Going bananas for the Guerrilla Girls

The Guerrilla Girls mask that circulated around campus advertising the performance on October 5th.

The Guerrilla Girls mask that circulated around campus advertising the performance on October 5th.

On a chilly October night, two women dressed in black, donning gorilla masks, walked down the aisles of Jeanne d’Arc Auditorium with bananas in their hands and feminism on their minds. Who is this mysterious group of masked women who wish to be anonymous while ridding the world of patriarchy? They are the Guerrilla Girls (GG).

The GG’s promotive masks circulated around campus for several weeks and on the back of the gorilla masks read this description: “The Guerrilla Girls use media and activism to bring sexism, racism, classism and other discriminatory practices and mindsets to the attention of the general public. This group was founded in 1985 to challenge the status of women, and particularly women of color, in the art world in New York City.”

“The GG are a social justice conscience of the art world and beyond, who advocate for real diversity not just tokenism,” said Cormac Fitzgerald, a senior majoring in art history and studio arts at St. Kate’s, who is also the GG’s advocate for St. Kate’s and their citywide project (Guerrilla Girl Takeover, mentioned at the end of article) that is coming up in February and March in Minneapolis.

When they entered famous museums in NYC, they saw many paintings of naked people, 85 percent of the naked bodies were that of women, painted by men. They also wanted to call out awards for artistry, usually awarded to white males in live theater performances, Hollywood, the music industry, and art world. In 1995 they decided to do something that was not done before in order to provoke a response, they went through the streets of NYC putting up posters to call attention to the sexist art world.

he Guerrilla Girls are a group of feminists crusading not only for equality within the art world but in the realm of politics and the media as well.


he Guerrilla Girls are a group of feminists crusading not only for equality within the art world but in the realm of politics and the media as well.

“The Guerrilla Girls are a big deal; they have been profiled in the New York Times and other artistic journals, and continue to be relevant today, thirty years after their founding, because they are critical of themselves and the institutions that they are critiquing. They hold the field of art accountable because it is assessable and translatable,” said Fitzgerald.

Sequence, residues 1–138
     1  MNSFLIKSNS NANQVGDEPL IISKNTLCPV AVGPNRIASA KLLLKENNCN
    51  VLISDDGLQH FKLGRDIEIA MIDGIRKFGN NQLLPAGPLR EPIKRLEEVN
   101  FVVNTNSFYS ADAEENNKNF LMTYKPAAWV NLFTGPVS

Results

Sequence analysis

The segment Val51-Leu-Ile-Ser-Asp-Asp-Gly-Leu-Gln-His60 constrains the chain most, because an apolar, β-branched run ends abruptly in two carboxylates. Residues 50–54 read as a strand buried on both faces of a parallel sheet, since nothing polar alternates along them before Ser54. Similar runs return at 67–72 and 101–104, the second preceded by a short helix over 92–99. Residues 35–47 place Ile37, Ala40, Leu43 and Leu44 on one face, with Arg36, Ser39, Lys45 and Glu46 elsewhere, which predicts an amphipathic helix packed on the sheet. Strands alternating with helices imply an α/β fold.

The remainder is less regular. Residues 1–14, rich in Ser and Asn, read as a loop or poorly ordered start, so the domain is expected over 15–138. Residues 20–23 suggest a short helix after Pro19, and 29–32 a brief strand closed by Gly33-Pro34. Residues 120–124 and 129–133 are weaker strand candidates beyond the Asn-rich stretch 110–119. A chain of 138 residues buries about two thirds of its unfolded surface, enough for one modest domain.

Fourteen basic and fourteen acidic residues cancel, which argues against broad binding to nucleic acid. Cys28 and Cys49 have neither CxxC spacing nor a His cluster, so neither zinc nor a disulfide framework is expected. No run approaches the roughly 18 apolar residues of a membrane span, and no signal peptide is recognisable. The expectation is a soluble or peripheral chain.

The two women that came to St. Kate’s on Monday, Oct. 5 were the original founders of the group, and go by the names Frida Kahlo (Mexican artist known for her self portraits) and Käthe Kollwitz (German painter, printmaker, and sculptor). They not only continue to crusade for the art world  but for more female inclusion in politics, for the end of domestic violence, for equal pay for equal work, and for educating the world about feminism, because no one can tell a story of culture if voices are missing.

“Start where brilliance lies (for the GG’s it was art), then focus your attention on systemic issues that deal with representation of gender, race, sexual orientation, disability, and economic injustice,” Fitzgerald said.

For those wondering why the gorilla masks are so important to the movement, Fitzgerald has an answer.

“They only wear the masks when they are operating as the Guerrilla Girls, originally because their crusade would have destroyed their careers. They also did it so the media would not jump at the chance to pick apart their personal lives and take away the attention from their actual cause. I think it almost makes them like superheroes,” said Fitzgerald.

What is Fitzgerald’s advice for women in the art field?

Fitzgerald’s response was, “Do not take things at face value. If there is no space or outlet for what you want to change, stay informed, stay loud, and hold yourself accountable.”

What’s coming up in the Guerilla Girls “Take Over”?

The Guerrilla Girls will be “taking over” the Minneapolis Institute of Arts (MIA) and the Walker Art Center in conjunction with Hennepin Theater Trust and other galleries, installing informational asides in their galleries, exhibiting some of their work from their permanent collection, as well as showcasing their newly commissioned pieces specifically for the city, at the end of February and the beginning of March.

There are plenty of opportunities to get involved with this collaboration. You can learn more at ggtakeover.com.

To close, the GG founders offered eight ways that you can live like a Guerrilla Girl:

1) Be a loser. If you do not win, it does not mean that you lost.

2) Be crazy. Get someone to laugh that disagrees with you. It opens up them up to you and your cause a little more.

3) Be anonymous. Working your whole life without getting any credit or recognition is a bummer but wearing a mask keeps issues at the forefront and keeps the focus away from the activists themselves.

4) Be an outsider.

5) Just do it again and again and again even if you fail.

6) Show museums tough love. Demand ethical results. Do not let white, male artists dominate the exhibits.

7) Complain, complain, complain. You will become a professional and creative complainer.

8) Use the “F” word. Feminism. It does not get the respect it deserves. “F” also stands for future.

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